The Real Disruption in Audiology: States Not Requiring Hearing Screenings for Children

Hearing screenings are not required in most states, negatively impacting children for life.

By Jacqueline R. Scholl, Au.D, CCC/A, PS/A

Literacy is arguably one of the most pressing concerns for the economic future of our country. Yet, because most children do not receive hearing screens beyond birth, those with auditory pathway disorders are being relegated to a life where learning at its most basic level—reading—is difficult, if not impossible.

Case in point: more than 50% of first- and second-grade students in Oklahoma public schools began the 2021-2022 school year classified as “at risk” in reading. Oklahoma is not alone. These statistics are reflective across the United States.

Children In Classroom Apd Or Capd 1200x675

During a time of disruption in our profession, we are allowing our schools to mislabel our children and put them in disability categories where they don’t belong. As such, they are not receiving the intervention necessary to develop literacy skills and are destined to a life of special education, welfare, and incarceration.1

As Audiologists, we are uniquely trained and educated to change this trajectory.

The Backstory

Most states screen hearing at birth because hearing loss is a leading birth defect. The Center for Disease Control estimates approximately 15% of children in schools have some form of hearing loss. By the time kids start school, however, Child Find considers hearing loss a “low incidence” disability.

Oklahoma’s school districts, like most states, do not have early and effective ways to screen and provide appropriate intervention for children with reading problems. As such, our children lack the support they need to build strong literacy skills. Those that are screened receive hearing screenings like those provided 50 years ago: screening four pure tones and possibly a tympanogram, which is not appropriate today.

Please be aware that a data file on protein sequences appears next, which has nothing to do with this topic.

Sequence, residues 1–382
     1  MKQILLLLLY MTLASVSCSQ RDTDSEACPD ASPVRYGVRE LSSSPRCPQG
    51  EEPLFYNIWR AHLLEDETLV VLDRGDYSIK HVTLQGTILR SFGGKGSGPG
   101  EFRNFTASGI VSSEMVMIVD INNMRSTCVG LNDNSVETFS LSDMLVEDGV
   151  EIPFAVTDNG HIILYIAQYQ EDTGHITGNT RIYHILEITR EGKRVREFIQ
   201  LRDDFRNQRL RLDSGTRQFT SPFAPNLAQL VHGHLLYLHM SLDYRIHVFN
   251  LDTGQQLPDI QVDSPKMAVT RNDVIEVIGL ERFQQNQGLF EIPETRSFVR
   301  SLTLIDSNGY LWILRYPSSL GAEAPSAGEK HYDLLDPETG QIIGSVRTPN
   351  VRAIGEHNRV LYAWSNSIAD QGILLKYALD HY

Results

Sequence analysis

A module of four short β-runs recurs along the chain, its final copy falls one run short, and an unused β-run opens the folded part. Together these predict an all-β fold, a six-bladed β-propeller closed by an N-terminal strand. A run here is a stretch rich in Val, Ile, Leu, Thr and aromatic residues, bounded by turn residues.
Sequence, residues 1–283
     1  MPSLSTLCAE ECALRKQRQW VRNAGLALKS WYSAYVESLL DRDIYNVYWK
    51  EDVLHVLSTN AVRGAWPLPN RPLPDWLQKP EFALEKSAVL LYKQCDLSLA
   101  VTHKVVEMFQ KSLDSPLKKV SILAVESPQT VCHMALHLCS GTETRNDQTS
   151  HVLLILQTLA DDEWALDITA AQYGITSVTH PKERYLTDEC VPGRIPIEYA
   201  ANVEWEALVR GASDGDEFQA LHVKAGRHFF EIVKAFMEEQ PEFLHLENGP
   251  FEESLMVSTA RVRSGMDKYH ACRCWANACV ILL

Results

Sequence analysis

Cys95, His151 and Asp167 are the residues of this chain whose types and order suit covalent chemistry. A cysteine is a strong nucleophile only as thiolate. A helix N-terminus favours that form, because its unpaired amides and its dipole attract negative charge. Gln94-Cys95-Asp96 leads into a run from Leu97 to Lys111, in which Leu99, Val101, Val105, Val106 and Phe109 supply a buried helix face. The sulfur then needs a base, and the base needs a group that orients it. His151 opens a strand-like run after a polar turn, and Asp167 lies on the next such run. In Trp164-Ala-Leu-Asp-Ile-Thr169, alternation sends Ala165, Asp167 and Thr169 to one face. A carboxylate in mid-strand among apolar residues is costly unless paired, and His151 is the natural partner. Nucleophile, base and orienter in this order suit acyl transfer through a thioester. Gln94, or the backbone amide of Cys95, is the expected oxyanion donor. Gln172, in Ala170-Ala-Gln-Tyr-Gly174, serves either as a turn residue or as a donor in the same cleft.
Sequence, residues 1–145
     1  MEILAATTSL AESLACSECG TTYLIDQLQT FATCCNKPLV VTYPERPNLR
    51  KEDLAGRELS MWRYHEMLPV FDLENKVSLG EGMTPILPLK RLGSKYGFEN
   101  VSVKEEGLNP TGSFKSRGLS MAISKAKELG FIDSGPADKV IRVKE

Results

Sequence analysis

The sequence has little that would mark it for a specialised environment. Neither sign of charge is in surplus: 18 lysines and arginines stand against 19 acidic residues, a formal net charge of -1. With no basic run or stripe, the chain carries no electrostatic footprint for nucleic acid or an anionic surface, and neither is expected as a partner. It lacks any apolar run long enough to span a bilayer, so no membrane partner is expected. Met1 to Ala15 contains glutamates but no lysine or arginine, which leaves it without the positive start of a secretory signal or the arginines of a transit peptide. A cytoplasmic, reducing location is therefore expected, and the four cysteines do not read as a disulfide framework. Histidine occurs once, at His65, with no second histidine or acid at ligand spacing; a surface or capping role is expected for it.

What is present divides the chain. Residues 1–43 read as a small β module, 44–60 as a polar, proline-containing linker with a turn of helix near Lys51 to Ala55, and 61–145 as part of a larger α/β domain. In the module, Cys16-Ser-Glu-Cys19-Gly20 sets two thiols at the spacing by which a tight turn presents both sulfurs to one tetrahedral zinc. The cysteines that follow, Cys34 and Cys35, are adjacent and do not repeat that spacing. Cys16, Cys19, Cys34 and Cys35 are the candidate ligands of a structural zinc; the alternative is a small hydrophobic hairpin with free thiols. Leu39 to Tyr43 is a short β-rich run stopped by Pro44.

In my initial research into Oklahoma schools, I found that:

  1. Equipment has not been calibrated for many years;
  2. Children do not receive a hearing screening unless requested by the parent or teacher;
  3. Many children receive speech services, but have never had a hearing screening;
  4. Many Head Start programs use a tympanogram as a “hearing screening”;
  5. Children with auditory pathway issues may receive services for the symptoms, but rarely for the problem.

Based on these findings, it should be no surprise that hearing loss is considered a “low incidence” disability in school-aged children; no one is really looking for it.

Through the non-profit organization, Soundwrx, free hearing screenings using modern technology and a current protocol are being offered to school districts in Oklahoma. Soundwrx recently screened all preK-3rd grade students in the first school district to accept this offer. Findings were as follows:

  1. 31% of children had middle ear pathology (many of those had qualified for speech services);
  2. 11% are suspect of a mild or high frequency hearing loss;
  3. 6% are suspect of a unilateral hearing loss;
  4. 29% have a possible auditory pathway disorder;
  5. 23% need to be retested in a quieter environment;
  6. Foreign bodies (a bead and pencil eraser) were found in 2 children;
  7. Ear tag on one (also one of the one with possible hearing loss);
  8. Abnormal pinna’s on two children (also suspect of hearing loss), and
  9. An undiagnosed child craniofacial anomalies with low-set ears.

Call To Action

On October 4 at 8:30 am, Dr. Nina Kraus, PhD of Northwestern, School of Communication, and I report on the state of auditory pathway disorders, including hearing loss in Oklahoma schools during an Interim House of Representatives study sponsored by Rep. Meloyde Blancett (D-Tulsa). You can watch the presentation by clicking on "Recordings," finding "Week of Oct 2, 2022", then clicking on the "Common Education [Room 4S5], Tue, Oct 4, 2022 8:30-9:30 AM".

About the author: Jacqueline Rogers Scholl, AuD, is an audiologist and founder of the Scholl Center in Tulsa, Okla. She also serves as the executive director of Soundwrx.

  1. Literacy Mid-South. The relationship between incarceration and low literacy. March 16, 2022. Available at: